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Tryo Tryo album cover
3.70 | 14 ratings | 1 reviews | 14% 5 stars

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Studio Album, released in 1996

Songs / Tracks Listing

1. Tierra
2. Fuenteovejuna
3. Series
4. Alma Eterna
5. Sacrificio
6. Eros
7. Bolero
8. Carne
9. Niebla
10. Tonada
11. Ofrenda

Line-up / Musicians

- Félix Carbone / drums
- Francisco Cortez / vocals, bass, cello
- Ismael Cortez / vocals, acoustic & electric guitars

Thanks to ProgLucky for the addition
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TRYO Tryo ratings distribution

(14 ratings)
Essential: a masterpiece of progressive rock music(14%)
Excellent addition to any prog rock music collection(29%)
Good, but non-essential (36%)
Collectors/fans only (14%)
Poor. Only for completionists (7%)

TRYO Tryo reviews

Showing all collaborators reviews and last reviews preview | Show all reviews/ratings

Collaborators/Experts Reviews

Review by Cesar Inca
SPECIAL COLLABORATOR Honorary Collaborator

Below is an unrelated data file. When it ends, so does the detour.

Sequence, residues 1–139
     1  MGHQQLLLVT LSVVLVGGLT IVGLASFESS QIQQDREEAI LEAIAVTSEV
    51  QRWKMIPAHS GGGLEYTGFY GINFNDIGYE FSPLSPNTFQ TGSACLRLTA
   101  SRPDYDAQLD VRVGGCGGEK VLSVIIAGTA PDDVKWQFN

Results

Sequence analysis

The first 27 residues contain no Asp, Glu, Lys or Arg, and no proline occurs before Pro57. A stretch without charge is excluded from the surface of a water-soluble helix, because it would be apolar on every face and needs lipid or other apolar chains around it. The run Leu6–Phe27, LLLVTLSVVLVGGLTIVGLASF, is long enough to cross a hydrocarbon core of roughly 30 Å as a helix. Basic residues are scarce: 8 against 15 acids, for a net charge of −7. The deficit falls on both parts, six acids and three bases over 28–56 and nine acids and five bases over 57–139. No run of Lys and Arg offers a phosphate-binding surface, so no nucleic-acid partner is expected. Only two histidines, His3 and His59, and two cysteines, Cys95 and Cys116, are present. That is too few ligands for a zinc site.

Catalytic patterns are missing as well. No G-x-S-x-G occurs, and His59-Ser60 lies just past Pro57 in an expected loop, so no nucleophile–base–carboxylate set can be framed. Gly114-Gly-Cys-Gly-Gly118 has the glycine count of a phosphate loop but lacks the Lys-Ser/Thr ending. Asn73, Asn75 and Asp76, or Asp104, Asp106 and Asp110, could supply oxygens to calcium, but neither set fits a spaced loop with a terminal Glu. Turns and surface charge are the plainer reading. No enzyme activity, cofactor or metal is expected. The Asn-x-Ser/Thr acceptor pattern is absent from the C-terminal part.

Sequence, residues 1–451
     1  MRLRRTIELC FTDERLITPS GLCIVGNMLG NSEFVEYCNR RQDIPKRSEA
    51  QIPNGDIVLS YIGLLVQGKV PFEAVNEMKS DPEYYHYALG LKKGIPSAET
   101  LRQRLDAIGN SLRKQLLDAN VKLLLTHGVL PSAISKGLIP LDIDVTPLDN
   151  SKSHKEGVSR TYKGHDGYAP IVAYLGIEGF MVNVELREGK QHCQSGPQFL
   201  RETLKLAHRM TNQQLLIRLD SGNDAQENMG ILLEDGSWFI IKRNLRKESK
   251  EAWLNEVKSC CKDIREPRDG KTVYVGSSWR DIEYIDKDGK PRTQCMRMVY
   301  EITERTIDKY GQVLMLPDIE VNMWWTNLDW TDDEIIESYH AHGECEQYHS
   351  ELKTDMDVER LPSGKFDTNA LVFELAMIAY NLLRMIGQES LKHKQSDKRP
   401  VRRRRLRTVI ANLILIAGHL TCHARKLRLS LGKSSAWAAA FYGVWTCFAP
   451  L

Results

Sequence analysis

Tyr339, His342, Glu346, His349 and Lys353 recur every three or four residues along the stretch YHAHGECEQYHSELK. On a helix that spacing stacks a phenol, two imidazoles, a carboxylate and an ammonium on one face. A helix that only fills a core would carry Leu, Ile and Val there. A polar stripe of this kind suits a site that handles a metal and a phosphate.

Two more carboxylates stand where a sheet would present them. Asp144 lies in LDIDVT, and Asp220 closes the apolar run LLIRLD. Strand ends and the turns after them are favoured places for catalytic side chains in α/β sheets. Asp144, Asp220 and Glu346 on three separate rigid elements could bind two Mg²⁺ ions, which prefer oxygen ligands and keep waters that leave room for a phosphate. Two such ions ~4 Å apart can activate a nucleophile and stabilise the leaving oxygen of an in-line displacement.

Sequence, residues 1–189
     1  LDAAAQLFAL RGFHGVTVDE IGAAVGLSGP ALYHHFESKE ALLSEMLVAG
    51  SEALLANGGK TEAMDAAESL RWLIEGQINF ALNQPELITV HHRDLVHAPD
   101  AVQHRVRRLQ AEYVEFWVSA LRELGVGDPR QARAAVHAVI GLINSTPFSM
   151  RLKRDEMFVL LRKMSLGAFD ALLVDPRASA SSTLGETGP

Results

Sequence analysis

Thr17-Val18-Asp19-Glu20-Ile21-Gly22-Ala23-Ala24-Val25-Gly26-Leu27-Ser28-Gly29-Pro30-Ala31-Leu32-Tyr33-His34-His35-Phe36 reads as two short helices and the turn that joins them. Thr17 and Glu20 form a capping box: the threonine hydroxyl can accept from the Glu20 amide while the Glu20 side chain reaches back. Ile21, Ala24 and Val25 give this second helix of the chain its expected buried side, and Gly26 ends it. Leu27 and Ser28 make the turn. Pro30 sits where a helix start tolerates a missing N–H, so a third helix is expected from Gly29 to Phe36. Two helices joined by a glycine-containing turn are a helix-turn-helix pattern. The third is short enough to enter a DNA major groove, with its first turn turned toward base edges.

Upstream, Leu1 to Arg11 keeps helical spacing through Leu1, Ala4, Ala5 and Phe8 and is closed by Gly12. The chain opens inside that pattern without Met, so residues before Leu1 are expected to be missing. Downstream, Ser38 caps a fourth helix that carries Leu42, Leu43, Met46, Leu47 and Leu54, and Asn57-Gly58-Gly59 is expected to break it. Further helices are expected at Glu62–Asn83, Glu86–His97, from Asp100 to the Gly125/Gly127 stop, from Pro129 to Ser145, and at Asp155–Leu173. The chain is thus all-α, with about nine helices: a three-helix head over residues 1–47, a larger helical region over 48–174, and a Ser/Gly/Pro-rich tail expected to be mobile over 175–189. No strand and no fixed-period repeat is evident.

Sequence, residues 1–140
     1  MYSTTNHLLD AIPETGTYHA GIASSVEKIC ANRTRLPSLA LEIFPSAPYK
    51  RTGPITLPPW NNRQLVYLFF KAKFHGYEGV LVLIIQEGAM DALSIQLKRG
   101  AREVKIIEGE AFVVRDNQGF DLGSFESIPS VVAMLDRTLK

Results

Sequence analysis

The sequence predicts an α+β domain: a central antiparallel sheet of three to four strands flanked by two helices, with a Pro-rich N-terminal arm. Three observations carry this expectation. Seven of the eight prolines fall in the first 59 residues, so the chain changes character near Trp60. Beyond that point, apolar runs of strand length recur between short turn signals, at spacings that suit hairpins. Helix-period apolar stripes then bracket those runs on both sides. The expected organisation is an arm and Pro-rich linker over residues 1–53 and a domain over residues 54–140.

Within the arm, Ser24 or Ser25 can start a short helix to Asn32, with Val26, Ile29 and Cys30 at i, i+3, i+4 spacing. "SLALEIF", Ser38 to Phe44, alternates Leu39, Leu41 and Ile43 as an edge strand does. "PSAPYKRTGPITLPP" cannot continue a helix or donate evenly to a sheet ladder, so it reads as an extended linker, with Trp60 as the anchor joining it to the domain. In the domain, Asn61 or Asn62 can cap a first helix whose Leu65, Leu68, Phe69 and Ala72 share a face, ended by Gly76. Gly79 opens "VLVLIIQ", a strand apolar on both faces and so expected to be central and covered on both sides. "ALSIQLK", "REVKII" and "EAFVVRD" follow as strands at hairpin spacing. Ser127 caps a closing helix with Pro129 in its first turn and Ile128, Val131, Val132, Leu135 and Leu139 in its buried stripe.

4 stars With their namesake debut album, the talented Chilean power trio Tryo caught the attention of lots of prog fans around the world, an attention that still enduring after 8 years and 3 more albums. They are well known for balancing their rock side with a more acoustic chamber-oriented facet, though their debut album is clearly designed as a prog rock/jazzy album - mostly instrumental, only track 4 has lyrics. The major influences are Red/and/early 80s-era King Crimson (mostly), common place psychedelia, the rougher side of Mahavishnu Orchestra, plus some touches of Led Zeppelin and jazz-fusion. The whole repertoire is a progressive display of musical fire, handled with exquisite skills, fuelled by density, and arranged with astonishing dexterity. The opening number 'Tierra' is a hell of a way to leave a damn good impression on the listener, with its catchy riffs, complex rhythm patterns, clever interplays, and a sense of passion that goes beyond mere technicality. The most complex passages are contained in the longer tracks, such as 'Fuenteovejuna', 'Series', 'Sacrificio', 'Eros' (drum solo included), and 'Niebla', all of them dealing alternately with Crimsonian madness and jazzy exuberance. A special mention goes to 'Niebla', which is actually pretty challenging due to its disturbing, somber general ambience: there have been times, when I was listening to this scary piece, that I couldn't help thinking about dark forests haunted by hellish spirits and surrounded by mystic fog. The preceding track, 'Carne', fortunately lasts less than 3 minutes, because it's even creepier than 'Niebla', since it includes some guttural voices a-la death metal: go figure! On the quieter side of things, there are the introspective 'Bolero', the serene folkish 'Tonada', and the classically tinged acoustic number 'Ofrenda', which closes up the album with an air of Bartokesque dissonant distinction. While this album is an amazing expression of Tryo's electric side, it will be in later albums that their sonic spectrum will incorporate a more varied array of musical sources, hence enriching their own offering in a more consistent manner: all in all, 'Tryo' is a great album, indeed!!

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